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Title Volume 08, Number 3, 4, Autumn-Winter 1973
Subject Periodicals; Mormons; Religious thought; Philosophy and religion
Description Independent national quarterly established to express Mormon culture and examine the relevance of religion to secular life. It is edited by Mormons who wish to bring their faith into dialogue with human experience as a whole and to foster artistic and scholarly achievement based on their cultural heritage. The journal encourages a variety of viewpoints; although every effort is made to insure accurate scholarship and responsible judgment, the views expressed are those of the individual authors and are not necessarily those of the Mormon Church or of the editors.
Publisher Dialogue Foundation, 900 Hilgard Avenue, Los Angeles, California 90024
Scanning Vendor Backstage Library Works - 1180 S. 800 E. Orem, UT 84097
Contributors Rees, Robert A.
Date 1973
Type Text
Digitization Specifications Pages scanned at 400ppi on Fujitsu fi-5650C sheetfed scanner as 8-bit grayscale or 24-bit RGB uncompressed TIFF images. Images resized to 950 pixels wide, 150 dpi, and saved as JPEG (level 8) in PhotoShop CS with Unsharp Mask of 100/.3.
Language eng
Rights Management Digital image, copyright 2004, Dialogue Foundation. All rights reserved.
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Title Page 168
Identifier V08N0304-1798_Page 168.jpg
Source Dialogue: Vol 8 No 3, 4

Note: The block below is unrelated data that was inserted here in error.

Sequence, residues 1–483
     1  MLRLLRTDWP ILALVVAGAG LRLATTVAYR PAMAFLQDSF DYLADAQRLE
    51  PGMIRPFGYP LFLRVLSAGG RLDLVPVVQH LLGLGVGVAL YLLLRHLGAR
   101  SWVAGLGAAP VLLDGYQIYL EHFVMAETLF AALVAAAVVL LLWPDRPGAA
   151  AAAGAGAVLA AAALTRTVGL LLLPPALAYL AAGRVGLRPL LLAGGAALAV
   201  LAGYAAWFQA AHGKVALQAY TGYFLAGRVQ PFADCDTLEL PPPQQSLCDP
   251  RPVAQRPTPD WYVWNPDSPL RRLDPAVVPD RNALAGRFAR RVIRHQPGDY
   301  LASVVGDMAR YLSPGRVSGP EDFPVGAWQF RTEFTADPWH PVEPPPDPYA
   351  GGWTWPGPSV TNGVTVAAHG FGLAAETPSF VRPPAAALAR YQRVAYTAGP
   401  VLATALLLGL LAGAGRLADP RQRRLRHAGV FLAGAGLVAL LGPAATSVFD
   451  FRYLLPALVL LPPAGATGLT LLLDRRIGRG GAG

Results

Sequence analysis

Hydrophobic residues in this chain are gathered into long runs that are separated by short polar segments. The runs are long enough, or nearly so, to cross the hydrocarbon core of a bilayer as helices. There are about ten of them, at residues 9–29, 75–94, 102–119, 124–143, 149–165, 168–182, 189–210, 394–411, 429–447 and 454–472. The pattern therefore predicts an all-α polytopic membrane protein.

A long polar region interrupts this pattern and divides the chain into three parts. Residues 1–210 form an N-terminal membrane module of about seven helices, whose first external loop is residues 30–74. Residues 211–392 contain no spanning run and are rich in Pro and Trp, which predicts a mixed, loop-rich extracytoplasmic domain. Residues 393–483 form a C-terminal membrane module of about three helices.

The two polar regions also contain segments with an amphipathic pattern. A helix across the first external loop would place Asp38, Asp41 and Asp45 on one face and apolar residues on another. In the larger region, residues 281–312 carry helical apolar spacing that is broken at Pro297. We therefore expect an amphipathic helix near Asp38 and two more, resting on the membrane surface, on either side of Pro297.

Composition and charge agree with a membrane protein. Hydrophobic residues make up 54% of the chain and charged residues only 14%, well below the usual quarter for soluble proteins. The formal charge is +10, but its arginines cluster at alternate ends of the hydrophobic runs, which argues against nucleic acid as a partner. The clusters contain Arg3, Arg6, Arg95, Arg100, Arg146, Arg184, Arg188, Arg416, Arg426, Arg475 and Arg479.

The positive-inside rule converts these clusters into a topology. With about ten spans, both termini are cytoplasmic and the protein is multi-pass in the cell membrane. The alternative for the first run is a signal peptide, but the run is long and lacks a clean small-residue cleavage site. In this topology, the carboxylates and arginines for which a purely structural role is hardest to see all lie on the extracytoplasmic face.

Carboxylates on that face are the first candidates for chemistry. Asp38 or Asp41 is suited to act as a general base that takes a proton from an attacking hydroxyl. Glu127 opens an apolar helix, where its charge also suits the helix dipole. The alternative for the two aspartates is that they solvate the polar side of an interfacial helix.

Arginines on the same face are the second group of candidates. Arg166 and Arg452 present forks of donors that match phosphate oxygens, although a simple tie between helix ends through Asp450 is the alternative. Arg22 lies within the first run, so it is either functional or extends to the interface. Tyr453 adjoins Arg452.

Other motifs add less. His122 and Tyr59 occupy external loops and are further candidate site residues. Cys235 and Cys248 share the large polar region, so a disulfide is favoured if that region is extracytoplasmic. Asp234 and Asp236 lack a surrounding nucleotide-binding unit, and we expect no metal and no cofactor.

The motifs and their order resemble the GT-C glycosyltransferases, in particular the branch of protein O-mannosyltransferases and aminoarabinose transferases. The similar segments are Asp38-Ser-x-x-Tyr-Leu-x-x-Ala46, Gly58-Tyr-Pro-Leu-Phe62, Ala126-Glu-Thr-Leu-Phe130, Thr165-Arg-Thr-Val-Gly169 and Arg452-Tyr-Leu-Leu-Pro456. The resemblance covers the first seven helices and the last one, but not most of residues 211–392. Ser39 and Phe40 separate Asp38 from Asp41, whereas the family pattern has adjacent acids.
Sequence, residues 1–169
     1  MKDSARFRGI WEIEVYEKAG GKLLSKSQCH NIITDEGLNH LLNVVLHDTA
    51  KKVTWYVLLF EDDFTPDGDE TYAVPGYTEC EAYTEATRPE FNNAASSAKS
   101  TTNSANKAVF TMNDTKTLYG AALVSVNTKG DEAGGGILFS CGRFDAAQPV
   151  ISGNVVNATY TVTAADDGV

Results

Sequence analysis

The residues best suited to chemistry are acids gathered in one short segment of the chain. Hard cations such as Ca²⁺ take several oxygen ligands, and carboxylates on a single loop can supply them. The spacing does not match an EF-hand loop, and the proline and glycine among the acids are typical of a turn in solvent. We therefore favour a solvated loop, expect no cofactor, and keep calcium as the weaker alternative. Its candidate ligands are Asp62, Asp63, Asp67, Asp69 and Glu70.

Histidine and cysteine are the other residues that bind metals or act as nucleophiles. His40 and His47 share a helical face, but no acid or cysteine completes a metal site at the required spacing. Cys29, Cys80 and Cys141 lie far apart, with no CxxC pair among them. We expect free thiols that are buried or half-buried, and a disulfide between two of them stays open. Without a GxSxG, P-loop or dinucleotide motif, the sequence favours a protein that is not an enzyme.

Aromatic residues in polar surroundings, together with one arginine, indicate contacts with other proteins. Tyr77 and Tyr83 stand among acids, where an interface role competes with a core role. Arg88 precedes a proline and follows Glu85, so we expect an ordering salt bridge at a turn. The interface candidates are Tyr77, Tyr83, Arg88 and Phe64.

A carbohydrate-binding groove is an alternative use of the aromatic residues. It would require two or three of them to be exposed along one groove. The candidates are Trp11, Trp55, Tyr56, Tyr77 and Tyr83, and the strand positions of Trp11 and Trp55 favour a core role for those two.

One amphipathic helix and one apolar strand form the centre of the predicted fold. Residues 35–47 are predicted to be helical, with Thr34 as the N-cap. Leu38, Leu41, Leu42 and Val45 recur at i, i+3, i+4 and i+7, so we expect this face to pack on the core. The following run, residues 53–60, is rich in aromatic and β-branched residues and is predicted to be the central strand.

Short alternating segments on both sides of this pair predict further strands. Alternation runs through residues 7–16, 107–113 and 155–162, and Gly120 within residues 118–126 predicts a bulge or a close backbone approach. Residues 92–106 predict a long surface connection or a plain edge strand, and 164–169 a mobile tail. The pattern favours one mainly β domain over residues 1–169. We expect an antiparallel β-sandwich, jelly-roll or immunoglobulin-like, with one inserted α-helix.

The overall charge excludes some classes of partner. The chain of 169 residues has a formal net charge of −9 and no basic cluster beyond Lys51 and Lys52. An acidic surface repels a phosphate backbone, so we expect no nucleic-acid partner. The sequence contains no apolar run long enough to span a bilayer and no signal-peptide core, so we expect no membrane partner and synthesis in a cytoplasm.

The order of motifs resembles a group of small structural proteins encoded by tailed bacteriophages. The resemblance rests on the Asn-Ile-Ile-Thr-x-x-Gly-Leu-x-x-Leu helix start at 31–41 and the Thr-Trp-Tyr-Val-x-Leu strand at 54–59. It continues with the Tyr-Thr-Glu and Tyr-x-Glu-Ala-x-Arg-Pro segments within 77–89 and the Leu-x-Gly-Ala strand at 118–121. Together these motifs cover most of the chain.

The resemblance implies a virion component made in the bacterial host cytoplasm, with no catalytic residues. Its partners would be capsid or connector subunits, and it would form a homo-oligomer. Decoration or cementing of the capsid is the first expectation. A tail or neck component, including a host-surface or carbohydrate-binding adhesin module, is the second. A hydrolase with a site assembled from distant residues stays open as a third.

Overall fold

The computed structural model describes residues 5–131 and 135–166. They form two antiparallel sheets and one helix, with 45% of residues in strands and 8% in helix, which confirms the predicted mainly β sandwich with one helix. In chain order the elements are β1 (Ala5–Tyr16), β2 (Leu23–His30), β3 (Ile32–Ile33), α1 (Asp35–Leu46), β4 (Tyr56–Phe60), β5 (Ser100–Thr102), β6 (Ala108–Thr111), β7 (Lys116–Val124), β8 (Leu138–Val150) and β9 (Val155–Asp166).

Description 168 I Dialogue narrative of many of the major events of Joseph Smith's life through the organization and incorporation of the Church. It is an interesting synthesis interweaving primary sources with most relevant secondary accounts (Fawn Brodie's biography being the most notably absent source). "Kirtland, a Stronghold for the Kingdom" by Max H. Parkin is, likewise, a detailed presentation of the growth of Mormonism, "from an insignificant neighborhood religion to an enlarged and formidable Christian denomination" between late 1830 and July of 1838. Parkin concludes that even though Kirtland was initially viewed as a "temporary way-station to be endured before the Saints could fully enjoy their Missouri land of promise," soon it was thought that it would become "one of Zion's greatest stakes." Mormonism passed "from infancy to adolescence" at Kirtland, concludes Parkin. His blend of thorough primary source research with comprehensive coverage of secondary sources is very effective. "The City in the Garden: Social Conflict in Jackson County, Missouri," by Warren Jennings is an entirely different kind of essay from those of Porter and Parkin in that Jennings eschews extensive primary source research for a thoughtful interdisciplinary consideration of the context of social conflict in Jackson County between summer 1831 and November 1833. "An analysis of the differences between the 'Saints' and the 'Gentiles/" argues Jennings, "leads to the conclusion that the conflict was irrepressible," largely due to fundamental differences in cultural heritage and assumptions. The "Saints" were largely New Eng-landers while the "Gentiles," the original settlers, were mainly border states mountain people. The next attempt to establish a religious community came at Far West, Missouri, discussed in F. Mark McKiernan's "Mormonism on the Defensive: Far West, 1838-1839." McKiernan presents a succinct narrative based on a combination of primary sources and contemporary and secondary histories. Heavy emphasis is placed on John Corrill's 1839 Brief History of the Church. "A costly failure" is McKiernan's conclusion for the Far West years. In fact, he concludes, "The Mormon leaders would have been exterminated had it not been for [a local supporter] General [Alexander] Doniphan's courage. As it was, most Mormon leaders spent six months in prison before escaping/' Two essays encompass the Nauvoo years. The first, "Dream and Nightmare: Nauvoo Revisited" by Robert Bruce Flanders is by far the best chapter of the six on the formative years. Basically, Flanders has rethought the main issues elaborated in his 1965 Nauvoo: Kingdom on the Mississippi and summed them up here in a coherent and well written overview. Henceforth Flanders' essay should be the starting point for the study of Nauvoo. The second essay, "Nauvoo and the Council of the Twelve" by T. Edgar Lyon, is a long, extremely detailed narrative of the Council and its domestic and foreign missionary activities from the mid-1830's through early 1846. Of these first six, Flanders' essay stands out in one major respect: a level of perspective, context, and balance is evident with him that is simply lacking in the other five essays. Jennings' thoughful use of sociological theory on the Jackson County, Missouri, period is also noteworthy. The other four essays, while well researched and valuable, too readily reflect their shortness of perspective. The story of the Utah Saints continues in a very brief albeit concise overview of "The Latter-Day Saints in the Far West, 1847-1900," by Leonard Arrington
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